A Portrait of the Artist as an Invisible Man
Ralph Ellison and the Authentication of Fiction Through Autobiography
Rob van der Mei (3143724)
BA Thesis, English Language and Culture
April 15, 2010
Dr. Derek Rubin (supervisor)
Table of Contents
1. Genuine Forgeries: Fictional Autobiographies and Autobiographical Fictions
2. Dominating Reality: Invisible Man and the Rise of the Nonfiction Novel
3. American Realism, Modernism and the Literary Ancestors of Ralph Ellison
Ralph Ellison and the “Autobiographication” of Fiction
In the summer of 1954, two years after the publication of Invisible Man, Ralph Waldo Ellison joined American writers Alfred Chester and Vilma Howard in a Parisian café to be interviewed about art and his novel. The eighth in a series of conversations with authors for The Paris Review, befittingly titled “The Art of Fiction,”1 the interview would be published in the spring of the following year, touching upon topics like “Negro folklore” and the writing process. In a short written introduction to the interview, Chester and Howard admit that talking to Ellison was “like sitting in the back of a huge hall and feeling the lecturer’s faraway eyes staring directly into your own.” Reinforcing this professorial approach, it was Ellison, the interviewee, who began the interview as follows: “Let me say right now that my book [Invisible Man] is not an autobiographical work.” Ellison is, of course, correct in saying that his novel is not autobiographical in the sense that Richard Wright’s Black Boy or Booker T. Washington’s Up from Slavery are. At most, Invisible Man is semi-autobiographical, belonging to that category of narratives that blur the borderlines between fiction and autobiography, a classification it shares with, among others, A Portrait of the Artist as a Young Man by James Joyce.2 Conveniently for Ellison, the interviewers proceeded by asking him whether or not he was “thrown out of school like the boy in [his] novel,” to which he could respond in the negative, although he admitted that “like him, [he] went from one job to another” (2). He could not have denied, however, that he, too, as a young man, failed to earn his graduate degree, moved from the Deep South to Harlem, and had, at some point, worked in a paint factory.
Contrary to what some critics, for example Lyne 321, have idly assumed, it was therefore not Ellison but The Paris Review who titled the interview “The Art of Fiction,” as it appears in Shadow and Act. 2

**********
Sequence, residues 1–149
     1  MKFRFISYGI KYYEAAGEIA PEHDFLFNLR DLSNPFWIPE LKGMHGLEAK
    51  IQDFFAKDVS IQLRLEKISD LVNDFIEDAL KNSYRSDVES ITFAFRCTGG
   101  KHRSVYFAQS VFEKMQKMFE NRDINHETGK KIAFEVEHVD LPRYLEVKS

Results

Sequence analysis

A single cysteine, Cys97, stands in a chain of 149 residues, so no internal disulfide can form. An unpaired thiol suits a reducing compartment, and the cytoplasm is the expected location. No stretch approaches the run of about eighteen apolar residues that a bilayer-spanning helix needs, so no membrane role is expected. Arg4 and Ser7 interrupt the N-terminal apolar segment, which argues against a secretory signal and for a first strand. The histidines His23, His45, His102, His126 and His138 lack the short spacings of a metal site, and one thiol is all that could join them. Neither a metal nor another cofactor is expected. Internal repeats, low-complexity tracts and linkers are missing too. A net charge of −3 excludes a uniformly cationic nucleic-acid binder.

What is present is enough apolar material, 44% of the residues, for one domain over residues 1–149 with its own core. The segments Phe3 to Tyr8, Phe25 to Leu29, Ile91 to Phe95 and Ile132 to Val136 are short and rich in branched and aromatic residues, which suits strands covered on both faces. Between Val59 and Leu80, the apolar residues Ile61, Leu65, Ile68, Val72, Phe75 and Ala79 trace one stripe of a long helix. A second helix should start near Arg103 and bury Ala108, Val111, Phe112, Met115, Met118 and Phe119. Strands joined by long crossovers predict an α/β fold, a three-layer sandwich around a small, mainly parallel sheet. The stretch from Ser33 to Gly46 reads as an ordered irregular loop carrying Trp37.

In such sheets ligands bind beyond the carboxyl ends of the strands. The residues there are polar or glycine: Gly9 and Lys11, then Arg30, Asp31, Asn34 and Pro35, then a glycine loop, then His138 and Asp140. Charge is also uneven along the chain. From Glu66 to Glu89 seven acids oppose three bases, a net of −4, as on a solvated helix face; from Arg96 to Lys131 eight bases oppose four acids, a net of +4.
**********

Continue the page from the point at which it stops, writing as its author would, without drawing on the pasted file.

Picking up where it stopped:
For a brief, introductory discussion of the autobiographical nature of Portrait, see Johnson xii-xv.
If we are to posit that a rather significant portion of Invisible Man is, indeed, autobiographical, we may also infer that, for Ellison, this was a conscious choice. This, in turn, raises the question as to why he decided to ground the narrative of the invisible man, as well as much of his earlier fiction, like the short stories “Boy on a Train” and “Hymie’s Bull,” in the experiences of his own life. The reasoning behind the “autobiographication” of the novel is the main focus of this paper, in which I will argue that Ellison made use of his own experience – particularly as an adolescent growing up in the South and a young adult in New York City – to authenticate his fiction. In doing so, he was not only being loyal to the centuries-old African-American autobiographical tradition, but also adhering to a theory that writers such as Ernest Hemingway had, that, to make literature, “[p]eople in a novel, not skillfully constructed characters, must be projected from the writer’s … knowledge, from his head, from his heart and from all there is of him” (Death in the Afternoon 164). Additionally, Ellison’s semi-autobiographical novel can be seen as a precursor to the literary tendency toward narrative reportage, or “the literature of fact,”...
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